Now that I’m flipping pages, skimming back through my penciled underscores, I see that I indeed absorbed my remedy in part while reading Acedia and Me.
[quoting Evagrius] “What heals acedia is staunch persistence…. Decide upon a set amount for yourself in every work and do not turn aside from it before you complete it.” p100
Man, oh man, oh man. This is keeping the schedule indeed! Reach back into what your logic (not your mania, be careful) tells you is a prudent amount of Things To Be Done. Write them down so they are harder to evade. Start at the top, and work to the bottom. Staunch persistence in the face of the demon of pointlessness.
I have an image of a splay-footed soul in a lumpy non-colored cassock, elbows on hips: I will not be moved. Staunch Persistence, my super-hero.
Maybe I should find a picture of that and pin it to my corkboard!
Maybe finding pictures on the interwebs is precisely the opposite of staunch persistence.
Oh, hm: true. I have extremely few moments in my life where logic would agree that “finding pictures on the interwebs” is a Thing To Be Done. Since even when I do I have to set a timer.
You do realize that discussing Acedia and Me is my set amount in this work of writing, self-prescribed during my bout of acedia in June? You’re welcome to argue that I keep turning aside from it, and thus I dilute the wise maxim. But even if that is what’s happening, notice that I keep coming back and persisting.
They gave one another good counsel: Perform the humblest of tasks with full attention and no fussing over the whys and wherefores; remember that you are susceptible, at the beginning of any new venture, to being distracted from your purpose by such things as a headache, an intense ill will toward another, a neurotic and potent self-doubt. To dwell in this desert and make it bloom requires that we indulge in neither guilt nor vainglorious fantasizing, but struggle to know ourselves as we are. p132
Full attention, that’s important. I fail at partial attention…I start to feel as if my thoughts are splintering into glass shards. All of them stab at me, and I struggle to put any given one of them where it belongs. Given all the research on how multi-tasking doesn’t actually work for humans—I prefer time-division multiplexing, but even that has its problems—it’s amusing that the desert monastics nailed this down nearly two millennia ago.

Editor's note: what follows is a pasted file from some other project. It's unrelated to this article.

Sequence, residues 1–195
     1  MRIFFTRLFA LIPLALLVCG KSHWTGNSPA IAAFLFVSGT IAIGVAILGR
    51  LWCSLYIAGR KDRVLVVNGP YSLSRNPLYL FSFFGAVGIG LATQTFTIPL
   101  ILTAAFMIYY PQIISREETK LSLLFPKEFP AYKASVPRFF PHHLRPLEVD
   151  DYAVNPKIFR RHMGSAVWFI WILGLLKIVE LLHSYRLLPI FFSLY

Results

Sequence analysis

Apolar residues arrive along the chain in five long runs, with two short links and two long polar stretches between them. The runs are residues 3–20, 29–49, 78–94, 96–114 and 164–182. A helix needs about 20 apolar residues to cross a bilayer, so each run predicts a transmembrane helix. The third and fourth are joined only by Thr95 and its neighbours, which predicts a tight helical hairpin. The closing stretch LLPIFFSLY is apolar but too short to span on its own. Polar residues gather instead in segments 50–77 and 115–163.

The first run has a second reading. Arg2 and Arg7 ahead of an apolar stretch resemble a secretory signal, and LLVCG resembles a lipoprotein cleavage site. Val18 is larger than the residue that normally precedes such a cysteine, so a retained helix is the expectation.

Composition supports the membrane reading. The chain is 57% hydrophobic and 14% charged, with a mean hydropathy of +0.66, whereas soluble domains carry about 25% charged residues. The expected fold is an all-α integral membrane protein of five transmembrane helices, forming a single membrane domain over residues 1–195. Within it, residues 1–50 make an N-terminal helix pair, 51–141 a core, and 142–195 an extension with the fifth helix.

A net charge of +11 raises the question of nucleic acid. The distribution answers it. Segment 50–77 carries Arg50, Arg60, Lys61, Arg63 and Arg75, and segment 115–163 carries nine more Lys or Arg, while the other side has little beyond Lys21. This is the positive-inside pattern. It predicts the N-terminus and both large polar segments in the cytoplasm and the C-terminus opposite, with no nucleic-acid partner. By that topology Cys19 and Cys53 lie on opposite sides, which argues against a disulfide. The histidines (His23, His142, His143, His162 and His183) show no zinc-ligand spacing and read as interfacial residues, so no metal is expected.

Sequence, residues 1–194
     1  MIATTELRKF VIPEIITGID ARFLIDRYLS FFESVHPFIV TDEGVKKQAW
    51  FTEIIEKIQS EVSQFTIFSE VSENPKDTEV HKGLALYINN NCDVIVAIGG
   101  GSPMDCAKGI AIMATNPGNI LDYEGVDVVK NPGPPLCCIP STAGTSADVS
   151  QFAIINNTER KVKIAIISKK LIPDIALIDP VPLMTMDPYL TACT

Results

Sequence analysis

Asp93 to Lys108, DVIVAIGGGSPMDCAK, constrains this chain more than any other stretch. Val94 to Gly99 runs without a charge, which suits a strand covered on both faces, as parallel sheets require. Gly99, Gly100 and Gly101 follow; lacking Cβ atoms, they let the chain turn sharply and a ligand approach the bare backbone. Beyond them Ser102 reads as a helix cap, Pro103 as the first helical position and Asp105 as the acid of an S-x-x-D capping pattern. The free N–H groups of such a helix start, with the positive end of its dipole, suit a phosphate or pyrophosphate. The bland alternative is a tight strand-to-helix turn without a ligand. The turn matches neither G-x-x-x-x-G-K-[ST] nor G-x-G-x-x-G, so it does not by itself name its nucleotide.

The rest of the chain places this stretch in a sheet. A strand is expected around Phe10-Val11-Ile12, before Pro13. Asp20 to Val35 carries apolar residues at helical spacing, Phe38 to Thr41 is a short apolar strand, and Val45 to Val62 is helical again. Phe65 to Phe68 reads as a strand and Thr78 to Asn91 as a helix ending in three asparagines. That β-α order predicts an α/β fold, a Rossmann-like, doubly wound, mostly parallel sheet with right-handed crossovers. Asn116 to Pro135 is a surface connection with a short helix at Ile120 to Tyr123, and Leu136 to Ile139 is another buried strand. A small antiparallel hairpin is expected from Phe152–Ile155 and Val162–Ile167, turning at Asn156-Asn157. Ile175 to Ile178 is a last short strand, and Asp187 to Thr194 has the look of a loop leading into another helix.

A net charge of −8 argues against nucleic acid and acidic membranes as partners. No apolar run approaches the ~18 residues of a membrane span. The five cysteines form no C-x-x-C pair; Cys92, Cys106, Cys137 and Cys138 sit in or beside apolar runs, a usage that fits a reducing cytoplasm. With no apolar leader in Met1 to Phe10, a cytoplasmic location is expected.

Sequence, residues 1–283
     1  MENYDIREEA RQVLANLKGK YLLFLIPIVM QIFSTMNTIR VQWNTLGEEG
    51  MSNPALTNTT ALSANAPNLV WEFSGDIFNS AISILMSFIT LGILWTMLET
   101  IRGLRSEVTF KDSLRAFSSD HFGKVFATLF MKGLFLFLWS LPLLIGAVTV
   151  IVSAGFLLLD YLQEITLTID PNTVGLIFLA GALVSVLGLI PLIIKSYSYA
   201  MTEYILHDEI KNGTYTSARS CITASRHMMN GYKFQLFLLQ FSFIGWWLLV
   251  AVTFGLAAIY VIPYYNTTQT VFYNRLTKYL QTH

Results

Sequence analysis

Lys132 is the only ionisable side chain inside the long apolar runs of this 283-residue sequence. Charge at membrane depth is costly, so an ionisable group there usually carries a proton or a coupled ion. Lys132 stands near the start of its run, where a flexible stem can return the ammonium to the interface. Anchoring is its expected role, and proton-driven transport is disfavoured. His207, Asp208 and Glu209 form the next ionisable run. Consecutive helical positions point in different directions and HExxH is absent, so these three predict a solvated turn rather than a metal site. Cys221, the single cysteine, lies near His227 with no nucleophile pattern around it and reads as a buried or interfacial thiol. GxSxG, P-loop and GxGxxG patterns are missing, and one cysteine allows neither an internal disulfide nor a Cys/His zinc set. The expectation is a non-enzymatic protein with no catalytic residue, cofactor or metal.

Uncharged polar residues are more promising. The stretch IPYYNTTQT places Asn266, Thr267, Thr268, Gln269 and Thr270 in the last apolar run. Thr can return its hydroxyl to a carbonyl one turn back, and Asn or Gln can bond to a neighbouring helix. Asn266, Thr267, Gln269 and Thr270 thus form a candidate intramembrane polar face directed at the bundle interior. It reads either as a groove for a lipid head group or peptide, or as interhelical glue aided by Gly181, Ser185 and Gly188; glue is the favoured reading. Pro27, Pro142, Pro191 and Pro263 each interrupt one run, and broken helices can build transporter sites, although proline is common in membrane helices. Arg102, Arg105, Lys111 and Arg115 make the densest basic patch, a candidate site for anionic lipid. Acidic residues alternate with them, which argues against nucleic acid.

No fussing over the whys and wherefores: here, then, is another affirmation of my setting my habits outside my critical thinking. Because I am susceptible. Because in the overly harsh glare of acedia, nothing can withstand the fussing.
Struggle to know ourselves as we are: I’m just pointing to that because I can say, “Hey, yeah, I do that all the time!” Someday I think I’ll write about how my teen years sharpened this struggle into one of my major life’s-works…but that day is not today. Today is for the set work of tackling Ms. Norris’ book.
The early Christian monks […] regarded repetition as essential to their salvation, and valued perseverance in prayer and manual labor as the core of their spiritual discipline. “Abba Moses asked Abba Sylvanus, ‘Can a man lay a new foundation every day?’ The old man said, ‘If he works hard, he can lay a new foundation at every moment.'” p86
Repetition is my least favorite activity. And by “least favorite” I mean I actively avoid it. But perseverance I understand and affirm the value of…and now that I’m more than seventeen I can see how repetition provides one of the structures of perseverance. I have a lovely letterpress card on my corkboard: “Always we begin again” -after St. Benedict. That is, part of the Benedictine Rule is that one starts over in practicing the Rule as many times as one steps away from the Rule. After spending this last winter adrift on the sea of my wide-open days, I know the practicality of laying a new foundation at every moment. At some point, for a little while, the piers may hold even to the bottom of the ocean.
So okay then!
The desert monastics’ cure for acedia:
- Keep to the routine you already had/be cautious if you have to establish a new routine
- Be staunchly persistent in keeping to that routine
- “Decide on a set amount […] in every work,” write it down, and work it from top to bottom…
- …giving each element your full attention in turn.
- Once the work and the set amount are decided, no fussing or revisiting: just do it.
- Keep a calm, loving, and skeptical eye on yourself, because
- “Always we begin again.”
Son of a gun, a distilled bullet list. Maybe I’ll turn out to be a self-help writer one day.